A deal is reported to have been reached to end a mutiny at a prison in Syria by hundreds of mostly political detainees.
Sheikh Nawwaf al-Melhem, a leader of the officially-tolerated opposition People’s Party, told the BBC he had brokered an agreement between the state and inmates at Hama Central Prison.
The government has not commented on the reported deal.
But Sheikh Nawwaf said the prison’s electricity and water supplies had been restored and its governor had returned.
The prisoners took guards hostage about a week ago as they tried to halt the transfer of several fellow inmates to another facility where they believed they could be executed.
Security forces surrounded the jail, but twice failed to retake control of it by force.
Sheikh Nawwaf, who is also a prominent tribal leader in central Syria, said he travelled to Hama Prison on Saturday afternoon.
The inmates’ demands focused on ensuring fair and speedy trials for those detained without trial, and the release of those held without charge, he added.
Sheikh Nawwaf presented the demands to the ministers of justice and interior when they arrived in Hama on Sunday.
He said a deal to end the mutiny was reached later that day and included a promise from the government of fair trials for political detainees.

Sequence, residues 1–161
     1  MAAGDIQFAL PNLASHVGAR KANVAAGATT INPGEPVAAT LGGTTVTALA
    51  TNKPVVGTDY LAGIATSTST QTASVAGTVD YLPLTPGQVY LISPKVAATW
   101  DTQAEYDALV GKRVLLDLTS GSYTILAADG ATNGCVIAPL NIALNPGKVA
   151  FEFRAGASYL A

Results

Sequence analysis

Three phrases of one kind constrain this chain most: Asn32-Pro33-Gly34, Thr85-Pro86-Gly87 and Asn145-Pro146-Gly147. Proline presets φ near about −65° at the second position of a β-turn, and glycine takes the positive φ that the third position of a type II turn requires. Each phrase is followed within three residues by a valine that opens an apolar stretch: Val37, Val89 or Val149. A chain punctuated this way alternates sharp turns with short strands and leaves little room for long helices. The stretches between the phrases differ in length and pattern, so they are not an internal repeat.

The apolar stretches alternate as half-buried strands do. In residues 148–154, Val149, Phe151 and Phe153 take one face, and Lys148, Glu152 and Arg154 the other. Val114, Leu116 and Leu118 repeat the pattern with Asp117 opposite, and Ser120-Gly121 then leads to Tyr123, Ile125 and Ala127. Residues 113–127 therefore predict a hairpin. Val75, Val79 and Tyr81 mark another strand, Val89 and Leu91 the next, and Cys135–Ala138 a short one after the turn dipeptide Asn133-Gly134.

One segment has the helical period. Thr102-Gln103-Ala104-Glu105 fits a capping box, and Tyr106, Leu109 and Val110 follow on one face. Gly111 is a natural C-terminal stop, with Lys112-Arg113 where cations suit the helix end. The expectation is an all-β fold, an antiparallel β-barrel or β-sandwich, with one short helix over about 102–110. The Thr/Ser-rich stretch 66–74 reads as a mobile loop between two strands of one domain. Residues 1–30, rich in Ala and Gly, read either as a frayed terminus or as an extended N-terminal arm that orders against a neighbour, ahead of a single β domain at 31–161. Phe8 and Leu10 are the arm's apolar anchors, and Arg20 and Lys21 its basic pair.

Leading rights activist Mazen Darwish, who is in touch with the prisoners, confirmed that a verbal agreement had been reached, but did not give any details.
Another activist told Reuters news agency the government had “agreed to most of our demands to release those political detainees held without charge”.
The Syrian Observatory for Human Rights, a UK-based group that monitors the conflict in Syria, reported that 26 detainees would be released soon.
The reported deal came after conditions worsened inside the prison, with authorities cutting electricity and water supplies, and inmates reporting a food shortage and serious medical cases.
Security forces also tried to storm the cell block where the prisoners were holding out on Friday and Saturday, using tear gas, rubber bullets and live ammunition.
The BBC was told that 15 prisoners were shot and wounded.
The revolt was sparked by a move to transfer several detainees to the notorious Sednaya Prison near Damascus.
“You can’t imagine, even in your worst nightmare, what kind of torture in Sednaya,” a lawyer who is in contact with the prisoners told the BBC.
“Where someone has a decision to transport to Sednaya, believe me, he will prefer to kill himself, because he will die, but slowly, slowly.”
One activist group, the Syrian Network for Human Rights, has documented the arrest and detention of more than 117,000 people in Syria since the uprising against President Bashar al-Assad began in March 2011.